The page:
Mark Hamrick: Well, a lot of different storylines here between the past, present and future but thank you for helping us to understand it all, Lindsey. It's been great speaking with you.
Lindsey Piegza: Thanks so much for having me.
Mark Hamrick: Lindsey Piegza, chief economist for Sterne Agee. She spoke with us from her office in Chicago.
The autumn season is here and so, too, are all kinds of products built around pumpkins, whether it's a spicy latte, beer or candy. Bankrate's Doug Whiteman carved out our next segment on the surprising pumpkin push.
Doug Whiteman: It's the great pumpkin push and this year it began before Labor Day. Starbucks has its pumpkin lattes, pumpkin bread and pumpkin cream cheese muffins. Beer aisles are filled with pumpkin-flavored ales. The company behind the Einstein Brothers, Noah's and Manhattan bagel chains has not only pumpkin bagels but also pumpkin cream cheese in its stores. And pumpkin spice M&M's have arrived for those who can't get enough of the gourd. Why the pumpkin mania? Because people love the flavor. Starbucks says its 10-year-old pumpkin spice latte is by far its most popular seasonal beverage and that more than 200 million have been sold since the steamy, spicy drink was introduced in 2003. The Einstein Noah bagel restaurant group says customers eagerly await its pumpkin products each year. The company's chief concept officer uses the word "heartwarming" to describe the line in a news release. And that may be an apt adjective because Americans have an almost romantic attachment to pumpkin.
According to Saint Louis University assistant professor of American studies, Cindy Ott, In her book, "Pumpkin: The Curious History of an American Icon," she explains that pumpkin is a reminder of a simpler time when family farms filled the national landscape. Marketing experts say limiting the pumpkin food season helps to raise the appeal level. If you've got a passion for pumpkin, you know you've got to get it while you can. Companies that try to stretch out the season and grab a bigger slice of the pumpkin pie can face a backlash. Some beer connoisseurs have howled over this year's early arrival of autumn pumpkin brews during the heat of summer. For "Your Money This Week," I'm Doug Whiteman.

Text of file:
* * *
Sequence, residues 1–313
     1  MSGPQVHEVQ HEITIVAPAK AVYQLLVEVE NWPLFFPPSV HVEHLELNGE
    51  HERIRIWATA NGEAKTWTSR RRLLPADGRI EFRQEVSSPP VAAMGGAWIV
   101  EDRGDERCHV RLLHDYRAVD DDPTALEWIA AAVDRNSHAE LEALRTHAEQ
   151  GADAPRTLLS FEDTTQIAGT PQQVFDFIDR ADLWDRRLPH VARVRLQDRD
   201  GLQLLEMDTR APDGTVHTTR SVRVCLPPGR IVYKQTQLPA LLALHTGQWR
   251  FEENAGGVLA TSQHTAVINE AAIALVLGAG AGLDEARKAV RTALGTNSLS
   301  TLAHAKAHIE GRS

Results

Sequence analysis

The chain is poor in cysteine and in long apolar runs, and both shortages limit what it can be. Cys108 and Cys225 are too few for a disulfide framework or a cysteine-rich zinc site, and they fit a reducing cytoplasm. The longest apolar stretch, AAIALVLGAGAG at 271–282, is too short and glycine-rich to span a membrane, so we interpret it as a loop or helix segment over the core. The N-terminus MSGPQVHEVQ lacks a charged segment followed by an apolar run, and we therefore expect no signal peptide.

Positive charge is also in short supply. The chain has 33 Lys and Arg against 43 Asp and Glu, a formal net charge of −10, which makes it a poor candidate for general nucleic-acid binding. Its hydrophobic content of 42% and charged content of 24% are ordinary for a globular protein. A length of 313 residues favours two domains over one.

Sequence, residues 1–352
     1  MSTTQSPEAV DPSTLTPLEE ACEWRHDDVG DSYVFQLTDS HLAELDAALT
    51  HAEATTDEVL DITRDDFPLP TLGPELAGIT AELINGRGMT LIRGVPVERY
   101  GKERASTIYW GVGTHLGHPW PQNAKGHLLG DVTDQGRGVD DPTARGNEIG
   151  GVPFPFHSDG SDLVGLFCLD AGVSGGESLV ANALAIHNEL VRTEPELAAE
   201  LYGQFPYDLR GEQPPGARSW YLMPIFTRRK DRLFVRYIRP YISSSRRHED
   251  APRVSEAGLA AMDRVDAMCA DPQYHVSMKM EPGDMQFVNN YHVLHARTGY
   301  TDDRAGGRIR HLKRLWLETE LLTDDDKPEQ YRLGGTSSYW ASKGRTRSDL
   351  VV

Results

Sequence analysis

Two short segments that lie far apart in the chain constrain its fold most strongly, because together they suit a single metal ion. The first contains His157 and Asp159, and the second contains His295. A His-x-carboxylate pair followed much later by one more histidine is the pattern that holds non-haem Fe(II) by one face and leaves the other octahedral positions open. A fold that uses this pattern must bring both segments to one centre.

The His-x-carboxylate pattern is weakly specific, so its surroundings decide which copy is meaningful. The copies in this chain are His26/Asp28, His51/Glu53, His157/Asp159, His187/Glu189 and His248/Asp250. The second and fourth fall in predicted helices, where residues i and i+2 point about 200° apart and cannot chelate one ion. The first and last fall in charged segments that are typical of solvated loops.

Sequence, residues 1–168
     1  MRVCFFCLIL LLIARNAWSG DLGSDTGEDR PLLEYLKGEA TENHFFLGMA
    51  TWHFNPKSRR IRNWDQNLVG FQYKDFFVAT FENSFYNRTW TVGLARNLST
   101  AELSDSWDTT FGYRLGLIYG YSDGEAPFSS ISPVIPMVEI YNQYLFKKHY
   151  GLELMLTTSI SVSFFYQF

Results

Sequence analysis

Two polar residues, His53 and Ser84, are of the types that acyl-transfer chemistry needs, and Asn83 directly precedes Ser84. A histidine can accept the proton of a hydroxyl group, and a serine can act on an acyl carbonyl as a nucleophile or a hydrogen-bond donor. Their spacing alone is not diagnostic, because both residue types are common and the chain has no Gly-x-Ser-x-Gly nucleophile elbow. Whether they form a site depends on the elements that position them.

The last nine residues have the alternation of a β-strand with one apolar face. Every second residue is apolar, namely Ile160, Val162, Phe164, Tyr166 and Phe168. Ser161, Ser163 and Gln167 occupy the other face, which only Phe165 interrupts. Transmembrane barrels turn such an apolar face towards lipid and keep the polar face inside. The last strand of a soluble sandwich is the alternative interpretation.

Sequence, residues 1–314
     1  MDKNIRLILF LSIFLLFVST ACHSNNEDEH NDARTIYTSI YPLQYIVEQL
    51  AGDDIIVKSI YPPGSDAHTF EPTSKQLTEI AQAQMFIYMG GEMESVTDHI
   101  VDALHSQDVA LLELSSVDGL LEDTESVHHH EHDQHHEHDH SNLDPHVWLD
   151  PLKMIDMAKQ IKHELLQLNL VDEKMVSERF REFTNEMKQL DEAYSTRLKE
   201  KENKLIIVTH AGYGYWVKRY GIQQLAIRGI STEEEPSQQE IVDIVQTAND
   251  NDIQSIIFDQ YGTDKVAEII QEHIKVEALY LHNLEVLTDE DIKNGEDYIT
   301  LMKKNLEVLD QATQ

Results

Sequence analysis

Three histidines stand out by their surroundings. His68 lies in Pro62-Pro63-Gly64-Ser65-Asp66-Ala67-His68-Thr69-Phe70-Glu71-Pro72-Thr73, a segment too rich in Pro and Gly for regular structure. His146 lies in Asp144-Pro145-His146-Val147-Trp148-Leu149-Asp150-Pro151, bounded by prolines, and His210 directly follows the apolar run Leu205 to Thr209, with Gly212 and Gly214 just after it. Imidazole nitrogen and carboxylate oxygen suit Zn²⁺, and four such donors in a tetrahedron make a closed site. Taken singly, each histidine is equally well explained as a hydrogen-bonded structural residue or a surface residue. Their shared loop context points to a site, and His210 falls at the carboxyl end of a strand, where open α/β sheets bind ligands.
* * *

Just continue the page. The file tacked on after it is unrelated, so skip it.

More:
Mark Hamrick: Finally, our look at this week in business history. On Sept. 17, 1920, almost one century ago was kickoff; the American Professional Football League was formed in Canton, Ohio. Two years later, it would be renamed the National Football League. Now we know that football, American football and the NFL are big business. According to Forbes, the average NFL team is worth nearly $1.2 billion. At the top of the list is the Dallas Cowboys, said to be valued at $2.3 billion.
You've been listening to "Your Money This Week." Our guests this week, Labor Secretary Thomas Perez and economist Lindsey Piegza. If you enjoyed the podcast, please check us out on iTunes and rate and subscribe to the program. We're hoping that you can help us to get the word out. Also check out our other podcast, Special Report, with breaking news and special features. For more on this and other personal finance issues, visit Bankrate.com. You can follow us on Twitter @Bankrate. Our editor-in-chief is Julie Bandy; managing editor, Katie Doyle; assistant managing editor, Holden Lewis. And thanks to our producer, Lucas Wysocki, for his work in the studio. I'm Mark Hamrick. From all of us here at Bankrate, here's hoping you have a great week.